„Blue Peter‟ or been teachers for too long! Our exhibit was
displayed under the main altar for the Festival and the
Christmas period. Many thanks are due to Marjorie Horrell
and Jan Ayee for the giving of their time and talents.

I have not always been available to run the group this year
and Pat Struthers has kindly stepped in to make the
meetings possible.
                                                              32
I am most grateful to her and other members for their help
throughout the year. As usual we are all grateful to Joy
Clark who keeps us on track whenever there is money to be
collected and food orders to be organised. This year we
went to The Bell at Woburn for our Christmas Lunch.

Along with the above activities, members have continued to
produce some beautiful needlework. Knitting and canvas
work still seem to be very popular crafts and members are
also extending their personal skills and interests in outside
courses and groups. Some are pursuing patchwork while
others are learning more goldwork techniques.

New members are always welcome even if you have never
threaded a needle before.
It is a very lively and friendly group so come and join us.

Social Team

  The church continued to enjoy a good variety of social
  and fund raising events during 2009, thanks to the hard
  work and dedication of the social team.
  Events in 2009 included:
  Wine and wisdom, Passover lunch, Patronal Barbeque,
  Christmas Fair, Safari supper, Harvest Supper Quiz and
  catering for concerts and exhibitions.




                                                              33
              CHARITIES.
FAIRTRADE
St Mary‟s tries to use fair-trade products when possible so
that the farmer or craftworker receives a fair price for the
goods they sell. This benefits their family and also the
community they live in. Once basic needs for adequate food
and clean water are met they are able to develop education
and healthcare. It may seem a very small contribution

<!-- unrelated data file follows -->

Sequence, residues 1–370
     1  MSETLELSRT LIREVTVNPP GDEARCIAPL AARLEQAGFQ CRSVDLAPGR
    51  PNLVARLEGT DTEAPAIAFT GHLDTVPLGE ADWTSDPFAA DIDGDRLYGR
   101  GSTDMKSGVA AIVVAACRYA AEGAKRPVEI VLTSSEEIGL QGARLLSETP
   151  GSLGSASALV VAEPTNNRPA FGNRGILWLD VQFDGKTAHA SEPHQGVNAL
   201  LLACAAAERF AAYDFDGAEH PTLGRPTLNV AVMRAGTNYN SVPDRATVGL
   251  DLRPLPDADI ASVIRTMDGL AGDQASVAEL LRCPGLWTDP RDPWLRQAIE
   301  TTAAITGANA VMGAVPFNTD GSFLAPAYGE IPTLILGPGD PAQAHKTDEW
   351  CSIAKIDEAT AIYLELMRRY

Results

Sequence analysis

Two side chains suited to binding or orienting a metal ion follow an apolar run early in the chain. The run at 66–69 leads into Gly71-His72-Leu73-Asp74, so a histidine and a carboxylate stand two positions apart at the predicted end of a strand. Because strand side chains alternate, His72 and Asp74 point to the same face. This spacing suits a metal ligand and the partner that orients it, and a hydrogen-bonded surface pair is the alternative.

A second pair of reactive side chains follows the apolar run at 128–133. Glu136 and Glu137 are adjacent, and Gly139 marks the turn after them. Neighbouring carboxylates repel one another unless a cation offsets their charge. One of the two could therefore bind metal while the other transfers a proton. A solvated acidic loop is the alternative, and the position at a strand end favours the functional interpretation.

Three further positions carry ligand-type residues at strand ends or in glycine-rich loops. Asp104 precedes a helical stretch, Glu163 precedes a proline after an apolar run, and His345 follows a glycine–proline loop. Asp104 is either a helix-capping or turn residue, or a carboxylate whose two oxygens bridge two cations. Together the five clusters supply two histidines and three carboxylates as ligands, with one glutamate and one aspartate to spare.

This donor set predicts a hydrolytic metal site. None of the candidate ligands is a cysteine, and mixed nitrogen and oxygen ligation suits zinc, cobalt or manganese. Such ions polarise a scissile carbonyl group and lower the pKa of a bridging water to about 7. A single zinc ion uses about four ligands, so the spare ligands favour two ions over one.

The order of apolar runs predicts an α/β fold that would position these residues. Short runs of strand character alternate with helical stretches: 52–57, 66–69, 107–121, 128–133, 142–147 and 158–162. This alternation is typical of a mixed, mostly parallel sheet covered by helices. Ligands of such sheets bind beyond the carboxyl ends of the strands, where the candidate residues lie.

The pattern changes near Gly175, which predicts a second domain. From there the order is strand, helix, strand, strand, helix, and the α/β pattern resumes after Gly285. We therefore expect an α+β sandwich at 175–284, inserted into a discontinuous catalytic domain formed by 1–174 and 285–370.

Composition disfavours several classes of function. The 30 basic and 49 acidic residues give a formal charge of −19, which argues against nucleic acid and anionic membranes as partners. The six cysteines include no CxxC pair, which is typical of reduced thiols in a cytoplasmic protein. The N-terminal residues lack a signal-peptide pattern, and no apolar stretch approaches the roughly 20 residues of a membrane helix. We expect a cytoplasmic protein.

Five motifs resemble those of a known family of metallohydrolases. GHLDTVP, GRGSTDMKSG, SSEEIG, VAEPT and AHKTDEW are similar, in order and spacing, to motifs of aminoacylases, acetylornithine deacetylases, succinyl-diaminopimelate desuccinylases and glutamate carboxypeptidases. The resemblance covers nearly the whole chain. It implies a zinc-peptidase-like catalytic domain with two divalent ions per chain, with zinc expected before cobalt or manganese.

towards these aims but every time we have a cup of
Fairtrade tea or enjoy Fairtrade chocolate we are helping
these workers.
As well as the tea, coffee and sugar served at all church
events there is a monthly Traidcraft stall on Sunday
mornings and cards and craftwork were available from their
catalogue at Christmas.


Prebend Street Day Centre
Saint Mary‟s and Maulden Baptist Church have continued to
support Prebend drop in day centre through out 2009.
This has been a very difficult year for the centre with the
withdrawal of a major provider of funding. With money only
available for a few months the future looked bleak; however
funding was found which would keep the centre running to
the end of the financial year.
Through out this period the Churches in Maulden continued
to give outstanding support to Prebend, through donations
of all types. Over 100 sacks of good clothing have been
collected and delivered, some of the clothes were of such


                                                           34
good quality they were used in a fashion show and helped
to raise over £700.
The Harvest Festival food collections from both churches
were a great help, and this year Maulden Lower School had
a food collection and provided over 100 items which
included tinned food, rice, pasta, sugar, tea and coffee.
There were also individual donations, in one case a
pensioner provided six 2.5 Kg tins of baked beans, a great
help with breakfasts. One local café owner donated a large
tin of drinking chocolate.
Several times in the year there were special appeals. The
plea for baby clothing produced a great response. When
large size trainers were urgently needed the village
produced seven pairs. The Winter Warmth clothing appeal
was very successful, and the latest request we received was
for Thermos flasks to enable the clients to take away a hot
drink or soup, once again the response was tremendous.
On top of all this generosity there have been several cash
donations totalling over £90.
Despite all this the Centre is living from hand to mouth,
there are initiatives in the pipeline to improve their financial
security, but they will continue to need our help. Please
continue showing your love and concern for the hard
working staff and the homeless and rootless whom they
support.
The staff have asked me to thank you all for your ongoing
care and friendship, without people like you the day centre
would struggle and could possibly close.

Christian Aid

Seventeen members of St. Mary‟s Church knocked on doors
in Maulden during Christian Aid week in 2009. £1,341.77
was raised, a 16% increase on the sum achieved last year.

                                                              35
This amounts to £1.10 for each household in Maulden, a
great result particularly as several roads were not covered.

As £7.50 can buy enough drought-resistant millet seed to
grow a crop that will feed four people for a year in Burkina
Faso in West Africa, the amount we raised could have fed
over 700 people in that area for a year. Alternatively £10
would have bought a disaster-survival kit for a family (with
food, clothes and medicines) after severe floods in
Bangladesh and £16 would have paid a monthly allowance
for one HIV kids‟ club teacher in Nigeria, helping hundreds
of children to cope with their situation. In short, relatively
little money goes a very long way.

Very many thanks to all those from St. Mary‟s who gave
their time to collect and to all those who gave so generously.